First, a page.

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Rocky Israel-Turkey ties hit new low, but full-blown crisis could be prevented

JERUSALEM, May 17 (Xinhua) — The Israel-Turkey relations plunged to a new low this week over the recent killing of Palestinian protesters by Israel, but analysts still hold that a full-blown crisis could be prevented.

After Israeli forces killed dozens of Palestinians near the Israeli border with Gaza Strip earlier the week, the tensions between Turkey and Israel started to rise.

Turkey expelled Israeli ambassador in Ankara and Israel responded by doing the same to a senior Turkish diplomat.

Turkish President Recep Tayyip Erdogan, a vocal critic of Israeli policies, recalled his ambassadors in Israel and the United States in protest against Washington’s controversial move to open the U.S. embassy in the disputed city of Jerusalem on Monday.

In fact, the past decade has witnessed a rockier relationship between the two countries than almost anytime in history.

The souring of the bilateral relations began in 2010, when a Turkish-led flotilla sent to break Israel’s blockade on the Gaza Strip ended in a clash with Israeli forces, leading to the death of 10 Turkish citizens.

In 2016, Turkey restored its ties with Israel, which paid 20 million U.S. dollars in compensation for the Turkish deaths.

The current crisis, which comes after several verbal exchanges between the two sides, is “testament to how fragile” this economically motivated reconciliation is, said Gallia Lindenstrauss, a research fellow at the Institute for National Security Studies (INSS) at the Tel Aviv University.

According to statistics published by Israel’s Ministry of Economy, trade between the two countries has declined in the years since the rapprochement in 2016, with exports from Israel to Turkey falling significantly.

The reasons behind the decline, however, are believed to be largely financial, not political, as the price of severing the ties is high for both due to the bilateral trade of over 4 billion U.S. dollars.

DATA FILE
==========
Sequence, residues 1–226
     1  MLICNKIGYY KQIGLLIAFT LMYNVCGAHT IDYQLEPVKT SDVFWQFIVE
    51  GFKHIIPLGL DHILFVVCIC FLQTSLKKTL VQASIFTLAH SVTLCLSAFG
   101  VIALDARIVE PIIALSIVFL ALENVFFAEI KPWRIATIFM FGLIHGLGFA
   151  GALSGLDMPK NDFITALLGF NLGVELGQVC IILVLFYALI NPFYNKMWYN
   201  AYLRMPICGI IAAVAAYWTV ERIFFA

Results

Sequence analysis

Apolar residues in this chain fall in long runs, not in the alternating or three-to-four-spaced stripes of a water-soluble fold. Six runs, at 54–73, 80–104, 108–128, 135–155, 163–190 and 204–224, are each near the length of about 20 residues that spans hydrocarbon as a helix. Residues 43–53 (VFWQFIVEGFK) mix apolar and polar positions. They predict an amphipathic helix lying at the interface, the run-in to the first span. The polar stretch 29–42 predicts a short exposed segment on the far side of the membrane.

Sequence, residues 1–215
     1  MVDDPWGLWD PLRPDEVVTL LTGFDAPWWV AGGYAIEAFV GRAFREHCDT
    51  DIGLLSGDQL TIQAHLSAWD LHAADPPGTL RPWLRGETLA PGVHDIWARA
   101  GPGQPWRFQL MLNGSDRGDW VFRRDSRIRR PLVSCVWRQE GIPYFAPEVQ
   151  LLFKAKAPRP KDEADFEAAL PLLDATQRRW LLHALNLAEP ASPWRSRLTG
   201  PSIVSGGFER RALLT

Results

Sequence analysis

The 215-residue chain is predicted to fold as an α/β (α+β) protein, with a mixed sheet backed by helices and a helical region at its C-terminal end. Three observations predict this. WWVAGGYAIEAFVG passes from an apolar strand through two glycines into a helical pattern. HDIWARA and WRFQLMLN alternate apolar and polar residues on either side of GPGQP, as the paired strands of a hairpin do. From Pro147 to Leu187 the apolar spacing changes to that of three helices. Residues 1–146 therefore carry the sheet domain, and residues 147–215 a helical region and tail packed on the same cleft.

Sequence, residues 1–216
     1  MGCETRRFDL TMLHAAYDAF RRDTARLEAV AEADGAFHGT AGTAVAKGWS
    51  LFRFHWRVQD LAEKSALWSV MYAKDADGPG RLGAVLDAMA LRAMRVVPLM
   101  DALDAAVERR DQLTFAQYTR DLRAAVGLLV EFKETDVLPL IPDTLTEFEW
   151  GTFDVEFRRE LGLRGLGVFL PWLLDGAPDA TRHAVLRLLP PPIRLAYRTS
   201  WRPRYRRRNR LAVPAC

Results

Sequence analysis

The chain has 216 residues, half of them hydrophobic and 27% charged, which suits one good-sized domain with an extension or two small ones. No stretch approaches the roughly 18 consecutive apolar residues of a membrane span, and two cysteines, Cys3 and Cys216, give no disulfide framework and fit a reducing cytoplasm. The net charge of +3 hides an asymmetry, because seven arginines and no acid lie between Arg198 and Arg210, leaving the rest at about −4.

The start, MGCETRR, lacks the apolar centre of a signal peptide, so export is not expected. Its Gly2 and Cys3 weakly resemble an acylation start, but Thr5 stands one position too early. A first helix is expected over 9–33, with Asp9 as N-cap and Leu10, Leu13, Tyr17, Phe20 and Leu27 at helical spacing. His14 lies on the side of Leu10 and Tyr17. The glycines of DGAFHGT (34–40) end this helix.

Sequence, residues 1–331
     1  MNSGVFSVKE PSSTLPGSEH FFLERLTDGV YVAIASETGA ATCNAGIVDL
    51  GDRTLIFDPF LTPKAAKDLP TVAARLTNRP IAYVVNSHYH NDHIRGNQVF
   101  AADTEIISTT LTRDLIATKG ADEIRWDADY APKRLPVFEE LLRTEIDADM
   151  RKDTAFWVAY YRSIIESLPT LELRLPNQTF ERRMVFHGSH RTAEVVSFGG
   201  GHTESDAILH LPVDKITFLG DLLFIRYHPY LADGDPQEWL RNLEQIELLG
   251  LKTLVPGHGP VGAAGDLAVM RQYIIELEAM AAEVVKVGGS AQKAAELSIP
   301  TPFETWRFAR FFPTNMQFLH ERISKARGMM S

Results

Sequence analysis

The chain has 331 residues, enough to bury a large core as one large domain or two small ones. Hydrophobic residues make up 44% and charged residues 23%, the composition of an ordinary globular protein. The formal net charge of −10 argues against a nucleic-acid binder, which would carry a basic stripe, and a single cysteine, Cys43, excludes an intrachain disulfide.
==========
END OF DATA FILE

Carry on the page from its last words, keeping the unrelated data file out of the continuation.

“Both economies and private sectors are mature enough to distinguish between the economic relations and the political relations,” said Dani Catarivas, director general of International Affairs at the Manufacturers’ Association of Israel.

“Trade continued throughout the years, even when there was lack of political harmony,” Catarivas told Xinhua.

Erdogan has acted as a champion for the Palestinian cause, while Israel, the top U.S. ally in the Middle East, controls almost all traffic into the Palestinian territories and can severely hamper Turkish efforts in the region.

This time around, the disagreement between the two countries is also fuelled by a social media battle.

After Erdogan denounced the Israeli military actions in Gaza earlier in the week, Israeli Prime Minister Benjamin Netanyahu tweeted a harsh response describing the Turkish president as a “man whose hands are drenched in the blood of countless Kurdish civilians in Turkey and Syria.”

Erdogan is “the last one who can preach to us about military ethics,” Netanyahu said.

“Once the disagreement reaches the public and media spheres, it is more difficult because it inflames the public and influences the discourse,” said Nimrod Goren, head of Mitvim, the Israeli Institute for Regional Foreign Policies.

In addition, the timing for Erdogan’s harsh comments on Israel is not coincidental as it is only a month away from Turkish general elections.

The images of Eitan Na’eh, Israel’s ambassador to Turkey, was given a full body search at the airport before he was expelled home, may give dividends for the Turkish leader at the polls in late June.

While envoys were mutually sent home, the ties between Turkey and Israel are not formally severed or downgraded.

“It was clear that Turkey would react harshly after the U.S. embassy move,” said Lindenstrauss at a press briefing. “But the fact that Turkey this time didn’t do this formally (downgrading relations), in a sense opened up a space for keeping diplomatic relations alive.”

The combination of the U.S. embassy move to Jerusalem with the violence in Gaza has, however, pushed the strained relations to the brink.

According to Lindenstrauss, Gaza and Jerusalem are two important “pillars” for Erdogan who has repeatedly promised to guard the holy city, just as he said on Wednesday that he would not allow Jerusalem “to be stolen from Israel.”

It will become clear soon whether the current crisis between the two countries will evolve into a full-blown crisis or remain a limited diplomatic spat.

“This crisis needs to be contained,” said Goren. “It needs to be done through quiet, efficient and professional diplomacy.”

Diplomacy is currently absent, but interests may triumph in the end, as the Israel-Turkey relations, which have been in place since 1945, are not to be taken for granted, he said.

“This relationship should not be abandoned. Despite all the difficulties, they have borne military, political, financial and civil fruits,” the Israeli expert said.

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